Shippers and truckers may be speeding toward a collision over pricing. Carriers, pinched by rising operating costs and a shrinking driver pool, are pressing for higher rates, while customers, facing lackluster demand for goods they ship, wonder why transportation costs as much as it does.
Lately, trucking and intermodal rates have been rising more slowly than carriers hoped for 2013. Truckload rates increased 1.4 percent year-over-year in May, but slipped 2.4 percent from April, according to Cass Information Systems, which maintains truckload and intermodal pricing indices. Intermodal rates, closely linked to truckload pricing, dropped 0.5 percent from a year earlier and 3.8 percent from April, Cass reported.
According to load-matching service DAT, spot market dry van rates were down 1.1 percent year-over-year in May, though they rose 3.4 percent from April. Year-over-year, spot market capacity — a measure of trucks available for transactional business — was up 24 percent.
That’s because there was less freight to load in trailers. Although the DAT North American Freight Index — a measure of spot market volume — rose 5.6 percent from April, it dropped 13.3 percent year-over-year in May, the fourth monthly decline. The U.S. average spot market dry van truckload linehaul rate rose 3 percent in May from April to $1.33 per mile but was flat year-over-year, according to DAT.
Economists aren’t offering much hope for the type of freight surge that would significantly tighten capacity and send truck prices higher. The Federal Reserve Bank of Philadelphia’s latest survey of forecasters projects 2 percent GDP growth in 2013, 2.8 percent in 2014 and 3 percent in 2015. That follows 2.2 percent GDP growth in 2012, 1.8 percent in 2011 and a 3 percent bounce back from recession in 2010.
That’s four years of GDP growth below 3 percent during an economic recovery. In the short term, at least, economic growth alone likely won’t be the lever that lifts truck rates.
Carriers are basing their push for higher rate hikes on three factors: the need to cover their own rising costs, continued cuts in capacity and the impact of tighter regulations on the truck driver market and truck fleet utilization — especially changes to driver hours of service rules that took effect on July 1.
Even in a freight market that one trucking executive called “pretty doggone flat,” those factors are pushing carriers to seek higher rates. The largest less-than-truckload carriers signaled their intent to raise pricing through general rate increases of 4.5 to 5.9 percent on average in June.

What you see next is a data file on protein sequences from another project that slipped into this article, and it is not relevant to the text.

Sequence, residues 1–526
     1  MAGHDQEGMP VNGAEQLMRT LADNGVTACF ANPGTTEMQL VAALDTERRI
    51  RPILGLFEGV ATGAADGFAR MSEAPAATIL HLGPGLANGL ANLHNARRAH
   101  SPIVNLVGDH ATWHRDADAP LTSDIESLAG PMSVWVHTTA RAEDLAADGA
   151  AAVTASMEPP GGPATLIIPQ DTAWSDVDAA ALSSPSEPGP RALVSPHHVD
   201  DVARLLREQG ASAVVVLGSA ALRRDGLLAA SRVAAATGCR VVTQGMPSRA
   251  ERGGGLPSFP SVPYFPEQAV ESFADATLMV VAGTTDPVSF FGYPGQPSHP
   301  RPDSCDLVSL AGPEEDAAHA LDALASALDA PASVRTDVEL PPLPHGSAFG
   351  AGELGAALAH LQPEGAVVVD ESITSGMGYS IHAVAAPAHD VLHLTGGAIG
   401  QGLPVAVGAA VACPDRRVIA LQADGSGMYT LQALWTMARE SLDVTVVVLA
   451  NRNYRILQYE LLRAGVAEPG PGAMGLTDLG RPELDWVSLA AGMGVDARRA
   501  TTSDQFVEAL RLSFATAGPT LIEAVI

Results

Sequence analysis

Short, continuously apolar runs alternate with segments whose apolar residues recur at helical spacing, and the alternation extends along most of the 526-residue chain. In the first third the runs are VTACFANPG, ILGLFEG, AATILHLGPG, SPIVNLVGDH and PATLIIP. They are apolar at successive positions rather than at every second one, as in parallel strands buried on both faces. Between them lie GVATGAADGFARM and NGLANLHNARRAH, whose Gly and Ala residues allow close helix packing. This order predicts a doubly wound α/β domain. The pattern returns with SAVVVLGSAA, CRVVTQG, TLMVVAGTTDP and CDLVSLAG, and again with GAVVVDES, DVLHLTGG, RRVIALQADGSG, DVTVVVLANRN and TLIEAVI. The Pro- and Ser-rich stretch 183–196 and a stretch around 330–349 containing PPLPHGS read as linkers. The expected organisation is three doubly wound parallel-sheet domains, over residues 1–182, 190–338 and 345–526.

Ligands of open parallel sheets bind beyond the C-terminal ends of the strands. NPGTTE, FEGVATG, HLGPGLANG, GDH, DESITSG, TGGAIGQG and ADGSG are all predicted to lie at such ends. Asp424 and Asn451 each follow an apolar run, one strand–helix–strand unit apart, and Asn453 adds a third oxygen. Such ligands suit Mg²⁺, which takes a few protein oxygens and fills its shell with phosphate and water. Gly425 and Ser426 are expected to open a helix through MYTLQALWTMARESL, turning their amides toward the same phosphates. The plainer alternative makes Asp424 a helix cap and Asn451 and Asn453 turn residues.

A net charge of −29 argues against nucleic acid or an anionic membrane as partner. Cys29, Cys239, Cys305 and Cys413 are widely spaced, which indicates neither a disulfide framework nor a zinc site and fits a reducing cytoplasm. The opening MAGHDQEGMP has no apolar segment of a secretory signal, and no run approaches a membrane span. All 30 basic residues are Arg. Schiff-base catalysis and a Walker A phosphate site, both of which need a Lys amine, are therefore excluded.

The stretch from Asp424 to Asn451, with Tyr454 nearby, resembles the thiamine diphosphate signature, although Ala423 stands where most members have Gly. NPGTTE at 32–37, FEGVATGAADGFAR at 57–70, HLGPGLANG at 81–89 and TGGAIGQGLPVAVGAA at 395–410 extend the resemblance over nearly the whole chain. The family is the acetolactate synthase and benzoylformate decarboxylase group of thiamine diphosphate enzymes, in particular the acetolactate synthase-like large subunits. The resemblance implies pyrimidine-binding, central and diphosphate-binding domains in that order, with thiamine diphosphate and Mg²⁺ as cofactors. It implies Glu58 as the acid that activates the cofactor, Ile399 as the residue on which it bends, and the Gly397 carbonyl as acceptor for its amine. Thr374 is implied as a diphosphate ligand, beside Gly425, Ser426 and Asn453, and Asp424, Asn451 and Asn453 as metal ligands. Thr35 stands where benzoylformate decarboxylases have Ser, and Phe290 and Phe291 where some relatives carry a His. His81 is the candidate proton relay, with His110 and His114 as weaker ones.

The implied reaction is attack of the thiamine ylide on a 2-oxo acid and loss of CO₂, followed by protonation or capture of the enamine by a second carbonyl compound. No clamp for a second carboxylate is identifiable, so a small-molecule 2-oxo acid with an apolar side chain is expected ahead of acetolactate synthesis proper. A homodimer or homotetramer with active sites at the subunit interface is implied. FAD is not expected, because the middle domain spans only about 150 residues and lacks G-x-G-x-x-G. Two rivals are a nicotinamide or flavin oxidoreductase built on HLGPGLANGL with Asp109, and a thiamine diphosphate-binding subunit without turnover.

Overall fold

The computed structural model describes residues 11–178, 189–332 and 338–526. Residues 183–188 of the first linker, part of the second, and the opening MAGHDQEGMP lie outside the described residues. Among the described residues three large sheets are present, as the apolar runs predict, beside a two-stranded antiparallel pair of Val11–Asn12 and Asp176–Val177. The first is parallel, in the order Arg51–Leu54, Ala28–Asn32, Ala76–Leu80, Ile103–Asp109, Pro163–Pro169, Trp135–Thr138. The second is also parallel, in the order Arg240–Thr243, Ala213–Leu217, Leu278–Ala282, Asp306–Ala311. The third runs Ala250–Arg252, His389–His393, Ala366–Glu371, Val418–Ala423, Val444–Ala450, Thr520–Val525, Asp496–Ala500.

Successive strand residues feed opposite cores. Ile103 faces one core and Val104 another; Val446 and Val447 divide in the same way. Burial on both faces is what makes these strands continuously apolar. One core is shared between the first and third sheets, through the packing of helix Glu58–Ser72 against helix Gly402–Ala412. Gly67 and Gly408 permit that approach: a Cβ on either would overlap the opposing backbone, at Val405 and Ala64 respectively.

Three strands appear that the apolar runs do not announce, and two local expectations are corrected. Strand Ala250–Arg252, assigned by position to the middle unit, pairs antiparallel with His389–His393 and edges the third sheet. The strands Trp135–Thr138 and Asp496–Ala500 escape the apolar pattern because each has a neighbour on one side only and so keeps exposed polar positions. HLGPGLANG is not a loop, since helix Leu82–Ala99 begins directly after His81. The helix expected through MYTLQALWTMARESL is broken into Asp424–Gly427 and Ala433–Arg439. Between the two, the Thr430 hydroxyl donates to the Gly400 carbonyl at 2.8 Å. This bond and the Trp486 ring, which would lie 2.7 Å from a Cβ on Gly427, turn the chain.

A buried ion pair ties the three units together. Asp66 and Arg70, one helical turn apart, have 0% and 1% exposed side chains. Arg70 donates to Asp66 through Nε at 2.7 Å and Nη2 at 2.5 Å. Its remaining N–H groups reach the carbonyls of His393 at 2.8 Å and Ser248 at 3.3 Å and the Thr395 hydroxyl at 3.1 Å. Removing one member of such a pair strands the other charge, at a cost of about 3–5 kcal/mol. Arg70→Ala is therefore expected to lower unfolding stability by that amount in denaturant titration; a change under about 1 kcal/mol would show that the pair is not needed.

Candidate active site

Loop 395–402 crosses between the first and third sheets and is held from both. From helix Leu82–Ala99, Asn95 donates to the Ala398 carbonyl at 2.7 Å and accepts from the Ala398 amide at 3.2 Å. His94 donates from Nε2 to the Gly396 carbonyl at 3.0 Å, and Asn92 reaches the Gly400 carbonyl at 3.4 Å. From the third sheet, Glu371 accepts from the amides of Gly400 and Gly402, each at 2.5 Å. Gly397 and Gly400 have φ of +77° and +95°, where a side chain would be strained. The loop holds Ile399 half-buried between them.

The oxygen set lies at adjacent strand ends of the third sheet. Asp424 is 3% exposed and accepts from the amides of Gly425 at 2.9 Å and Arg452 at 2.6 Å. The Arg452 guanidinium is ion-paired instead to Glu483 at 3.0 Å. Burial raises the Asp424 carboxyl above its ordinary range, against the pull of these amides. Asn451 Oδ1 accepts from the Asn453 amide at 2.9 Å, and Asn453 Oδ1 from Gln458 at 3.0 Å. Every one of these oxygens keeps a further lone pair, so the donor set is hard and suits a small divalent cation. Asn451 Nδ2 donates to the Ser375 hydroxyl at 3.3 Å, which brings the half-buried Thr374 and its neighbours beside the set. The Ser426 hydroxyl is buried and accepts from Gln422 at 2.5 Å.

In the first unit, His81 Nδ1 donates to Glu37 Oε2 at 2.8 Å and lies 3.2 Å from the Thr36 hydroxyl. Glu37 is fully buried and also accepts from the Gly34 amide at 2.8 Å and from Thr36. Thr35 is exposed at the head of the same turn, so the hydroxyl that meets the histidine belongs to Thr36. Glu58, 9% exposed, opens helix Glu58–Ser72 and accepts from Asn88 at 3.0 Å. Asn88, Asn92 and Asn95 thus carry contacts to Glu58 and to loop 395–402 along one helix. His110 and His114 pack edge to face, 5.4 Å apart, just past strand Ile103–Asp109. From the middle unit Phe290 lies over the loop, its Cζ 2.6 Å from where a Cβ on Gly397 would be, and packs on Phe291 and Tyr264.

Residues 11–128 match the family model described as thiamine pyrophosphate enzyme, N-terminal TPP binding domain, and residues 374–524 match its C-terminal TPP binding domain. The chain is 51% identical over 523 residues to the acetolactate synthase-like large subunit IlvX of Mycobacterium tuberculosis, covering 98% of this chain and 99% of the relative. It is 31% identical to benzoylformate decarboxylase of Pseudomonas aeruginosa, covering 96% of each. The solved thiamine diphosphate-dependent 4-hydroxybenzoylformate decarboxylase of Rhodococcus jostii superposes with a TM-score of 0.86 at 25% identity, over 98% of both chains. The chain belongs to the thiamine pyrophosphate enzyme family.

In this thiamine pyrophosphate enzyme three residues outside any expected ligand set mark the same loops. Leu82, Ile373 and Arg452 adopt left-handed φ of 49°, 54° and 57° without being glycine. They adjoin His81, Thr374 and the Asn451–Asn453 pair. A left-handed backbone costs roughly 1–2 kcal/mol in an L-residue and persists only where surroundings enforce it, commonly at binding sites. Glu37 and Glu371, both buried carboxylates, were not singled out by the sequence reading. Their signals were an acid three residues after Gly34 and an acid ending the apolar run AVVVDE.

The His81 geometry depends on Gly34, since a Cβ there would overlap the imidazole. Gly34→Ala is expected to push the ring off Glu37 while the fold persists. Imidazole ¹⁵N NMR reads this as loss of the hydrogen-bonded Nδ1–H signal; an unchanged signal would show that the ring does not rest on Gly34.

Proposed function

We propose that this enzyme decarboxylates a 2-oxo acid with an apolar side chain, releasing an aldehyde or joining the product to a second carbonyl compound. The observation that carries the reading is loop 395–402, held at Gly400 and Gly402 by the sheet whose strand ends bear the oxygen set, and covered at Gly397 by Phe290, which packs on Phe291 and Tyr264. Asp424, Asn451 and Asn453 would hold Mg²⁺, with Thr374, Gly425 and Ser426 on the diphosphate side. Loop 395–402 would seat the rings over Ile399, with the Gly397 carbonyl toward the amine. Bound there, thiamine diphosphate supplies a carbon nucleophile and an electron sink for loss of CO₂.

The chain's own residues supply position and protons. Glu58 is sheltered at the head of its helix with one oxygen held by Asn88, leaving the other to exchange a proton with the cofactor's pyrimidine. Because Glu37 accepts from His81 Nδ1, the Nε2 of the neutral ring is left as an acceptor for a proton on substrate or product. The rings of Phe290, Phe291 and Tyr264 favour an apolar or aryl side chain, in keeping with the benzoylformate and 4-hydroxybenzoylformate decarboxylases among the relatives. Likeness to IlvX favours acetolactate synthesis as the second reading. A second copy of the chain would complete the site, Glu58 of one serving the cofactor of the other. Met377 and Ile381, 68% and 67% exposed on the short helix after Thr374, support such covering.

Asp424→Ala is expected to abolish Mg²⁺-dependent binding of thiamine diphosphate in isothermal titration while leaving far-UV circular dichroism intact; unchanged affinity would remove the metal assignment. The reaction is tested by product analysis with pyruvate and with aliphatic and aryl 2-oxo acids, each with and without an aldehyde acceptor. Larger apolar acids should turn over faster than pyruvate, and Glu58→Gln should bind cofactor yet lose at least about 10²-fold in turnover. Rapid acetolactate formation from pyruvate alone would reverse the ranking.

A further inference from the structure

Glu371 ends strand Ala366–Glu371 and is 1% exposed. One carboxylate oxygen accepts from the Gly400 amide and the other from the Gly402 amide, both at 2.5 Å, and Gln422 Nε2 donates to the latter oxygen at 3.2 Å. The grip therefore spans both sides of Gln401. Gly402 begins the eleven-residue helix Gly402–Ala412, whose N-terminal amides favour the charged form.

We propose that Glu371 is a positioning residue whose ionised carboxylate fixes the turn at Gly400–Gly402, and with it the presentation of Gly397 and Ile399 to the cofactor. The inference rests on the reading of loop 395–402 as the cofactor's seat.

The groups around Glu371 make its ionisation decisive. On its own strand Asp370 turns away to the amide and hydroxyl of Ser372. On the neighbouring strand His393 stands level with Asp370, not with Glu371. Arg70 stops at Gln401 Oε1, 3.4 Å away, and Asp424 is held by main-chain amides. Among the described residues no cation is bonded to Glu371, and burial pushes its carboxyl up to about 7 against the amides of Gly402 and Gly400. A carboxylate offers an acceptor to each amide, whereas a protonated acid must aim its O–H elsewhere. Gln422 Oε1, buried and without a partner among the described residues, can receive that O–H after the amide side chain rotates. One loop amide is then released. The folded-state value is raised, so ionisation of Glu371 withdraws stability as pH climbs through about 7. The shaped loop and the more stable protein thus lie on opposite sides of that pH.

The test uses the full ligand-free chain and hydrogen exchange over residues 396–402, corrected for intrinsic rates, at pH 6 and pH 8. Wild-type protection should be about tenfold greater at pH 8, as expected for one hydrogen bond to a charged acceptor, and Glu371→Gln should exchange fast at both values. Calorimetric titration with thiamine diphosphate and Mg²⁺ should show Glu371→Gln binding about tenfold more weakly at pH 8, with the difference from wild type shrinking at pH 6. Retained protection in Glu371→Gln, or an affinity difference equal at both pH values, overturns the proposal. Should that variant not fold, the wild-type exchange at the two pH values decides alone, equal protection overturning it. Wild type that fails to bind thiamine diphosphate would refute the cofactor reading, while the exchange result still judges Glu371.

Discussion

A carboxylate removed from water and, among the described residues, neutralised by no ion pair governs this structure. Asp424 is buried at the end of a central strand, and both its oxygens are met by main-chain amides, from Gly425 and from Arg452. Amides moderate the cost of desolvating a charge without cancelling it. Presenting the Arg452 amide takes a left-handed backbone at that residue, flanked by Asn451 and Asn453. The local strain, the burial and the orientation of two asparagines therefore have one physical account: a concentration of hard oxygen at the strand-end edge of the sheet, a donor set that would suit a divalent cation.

Shippers with standing orders to keep costs in line amid weak demand don’t plan to pay big price hikes. Companies surveyed by Wolfe Research in the second quarter expected truckload and LTL rates to rise 1.6 percent year-over-year in 2013, far lower than what carriers say is necessary to recover capital costs and reinvest in their businesses.
“While most carriers seem focused on improved pricing, we believe strong LTL pricing gains are tougher to sustain after the past couple of years (of) strong yield growth and given relatively muted tonnage levels,” Wolfe Research said in its report.
Shippers shouldn’t get complacent about comparatively weak truck pricing. Although rate increases are likely to stay in low- to mid-single-digit percentages for now, they will increase eventually, transportation investment analyst David Ross said
Truck “rates could easily go up by double digits again sometime in the next two years, but the timing is hard to pinpoint,” Ross, managing director of global transportation for investment research firm Stifel Nicolaus, said at SMC3’s Connections 2013 conference last month.
Why is the timing so hard to pinpoint? The sluggish economy. With slow growth, “It’s been hard for carriers to push through higher rates,” Ross said. Despite rising equipment costs and the much-publicized driver shortage, “Truckload rates aren’t doing much more than inflation.” LTL carriers are doing a bit better, increasing rates 3 to 4 percent, he said, which is in line with other analysts’ projections.
Pricing and yield in the LTL market, where Ross said demand already exceeds active capacity, measured in terminal doors in use, “should continue to grow faster than tonnage,” he said. “We’re looking at 3 to 4 percent growth in LTL pricing,” he said. “We’ve heard of a ceiling of 4 percent recently, but that’s only because of the slow growth environment. In this environment, we don’t think it can get any better than this.”
Ross forecast trucking rates would rise between 0.5 and 6.5 percent over the next two years, depending on how quickly the economy expands. Unexpected economic contraction could send rates into “negative” territory, but faster growth could cause a capacity crunch and send rates soaring, he warned.
A large-scale capacity crunch, something shippers have feared since the recovery began, looks unlikely. Early expectations for a stronger second half were tamped down at the SMC3 conference. Speaking at the conference, economist Donald Ratajczak forecast second quarter GDP growth of about 1.8 percent, with GDP growth rising above 3 percent in the fourth quarter.
The private sector economy “is doing reasonably well,” he said, despite weak consumer purchasing power. “The trucking industry is improving faster than the economy, but from a weaker base. They’re still a long way from where they need to be.”
To get where they need to be, carriers are likely to postpone investments in capacity until they see better returns. They will have to work harder to prove to shippers that rate increases are needed — sharing more of their books than some may like.
And shippers may face the choice of paying a little more today, or a lot more tomorrow.